KANSAS CITY, Mo. - The clock is ticking as the deadline to sign up for health insurance on Monday, March 31 fast approaches.
The number of people who've signed up is still not what the government or insurance companies had wanted. Even with the threat of fines, many are still not motivated to get covered.
For nearly every individual who has gone uninsured, whether it's young people who think they're invincible or people who've gone their whole life without insurance because it's too expensive, the government is requiring they sign up by Monday or pay a fine.
The fine is $95 or one percent of their annual income.
The push to get people enrolled has ramped up in the last several weeks. Even churches are getting involved and helping members navigate through the government's online Affordable Care Act system.
When individuals sign up, there's the promise to get access to more affordable, comprehensive coverage than has ever been offered before.
Some will pay less than they have in the past but others will pay more.
However, Blue Cross Blue Shield said of the 1.1 million uninsured individuals in Kansas and Missouri, only a fraction (about 108,000) have signed up.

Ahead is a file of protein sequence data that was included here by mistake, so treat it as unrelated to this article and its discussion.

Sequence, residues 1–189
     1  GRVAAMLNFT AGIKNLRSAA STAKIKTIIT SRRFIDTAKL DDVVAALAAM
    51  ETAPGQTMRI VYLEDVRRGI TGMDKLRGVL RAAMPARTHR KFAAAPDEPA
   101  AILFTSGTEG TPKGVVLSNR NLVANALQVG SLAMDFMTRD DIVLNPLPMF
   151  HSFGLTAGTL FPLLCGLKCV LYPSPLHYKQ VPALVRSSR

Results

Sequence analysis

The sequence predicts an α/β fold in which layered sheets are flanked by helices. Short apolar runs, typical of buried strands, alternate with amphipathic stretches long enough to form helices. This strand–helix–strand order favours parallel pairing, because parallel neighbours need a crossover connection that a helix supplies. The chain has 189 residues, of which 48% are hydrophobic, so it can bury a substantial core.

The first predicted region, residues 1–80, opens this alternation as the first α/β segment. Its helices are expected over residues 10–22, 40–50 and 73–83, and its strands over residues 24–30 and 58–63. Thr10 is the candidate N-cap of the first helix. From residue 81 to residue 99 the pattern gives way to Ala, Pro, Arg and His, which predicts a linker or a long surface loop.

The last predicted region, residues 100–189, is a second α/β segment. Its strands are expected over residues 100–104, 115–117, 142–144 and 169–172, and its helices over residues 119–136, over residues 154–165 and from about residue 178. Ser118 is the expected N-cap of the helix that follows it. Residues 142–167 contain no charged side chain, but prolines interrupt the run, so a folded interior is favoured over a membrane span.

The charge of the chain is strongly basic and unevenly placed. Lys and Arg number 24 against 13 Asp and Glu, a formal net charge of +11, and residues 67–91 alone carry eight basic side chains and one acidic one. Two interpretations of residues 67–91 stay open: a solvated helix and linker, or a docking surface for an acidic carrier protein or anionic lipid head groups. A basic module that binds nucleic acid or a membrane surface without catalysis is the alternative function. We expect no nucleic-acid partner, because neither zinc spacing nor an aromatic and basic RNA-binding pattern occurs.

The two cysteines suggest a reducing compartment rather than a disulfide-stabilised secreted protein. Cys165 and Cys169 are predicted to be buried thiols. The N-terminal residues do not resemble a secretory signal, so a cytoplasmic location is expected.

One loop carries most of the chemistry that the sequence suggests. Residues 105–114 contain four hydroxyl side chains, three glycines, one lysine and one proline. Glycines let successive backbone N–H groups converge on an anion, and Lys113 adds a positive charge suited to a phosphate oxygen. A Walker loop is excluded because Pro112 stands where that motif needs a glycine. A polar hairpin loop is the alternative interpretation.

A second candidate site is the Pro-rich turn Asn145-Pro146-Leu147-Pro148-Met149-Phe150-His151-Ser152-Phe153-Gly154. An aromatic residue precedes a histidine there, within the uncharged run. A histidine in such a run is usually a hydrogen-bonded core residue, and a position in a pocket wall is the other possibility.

The health insurance company said many people just aren't engaged and others still do not know the ACA is yet a law.
"But we're not deterred because we know the benefits that people will get as a result of the law changing is (sic) going to be significant. But they'll need to get engaged over time," BCBS Vice President Wayne Powell said.
It took hair stylist Dawn Colbert 14 hours to sign up on the government's troubled ACA website. After more than a couple of years without insurance, Colbert said the price the government now requires her to pay is priceless. She's saving $200 a month on her insurance premiums.
She said she was so relieved to be covered she said it was well worth the wait.
"It was so worth it. I've been on hold for two and a half years so what's a few hours going through a maybe even clunky system? The bottom line is probably the best several hold hours you'll ever spend in your life," Colbert said with a smile.
Both the Health and Human Services Department and insurance companies suggest getting help before logging onto https://www.healthcare.gov/.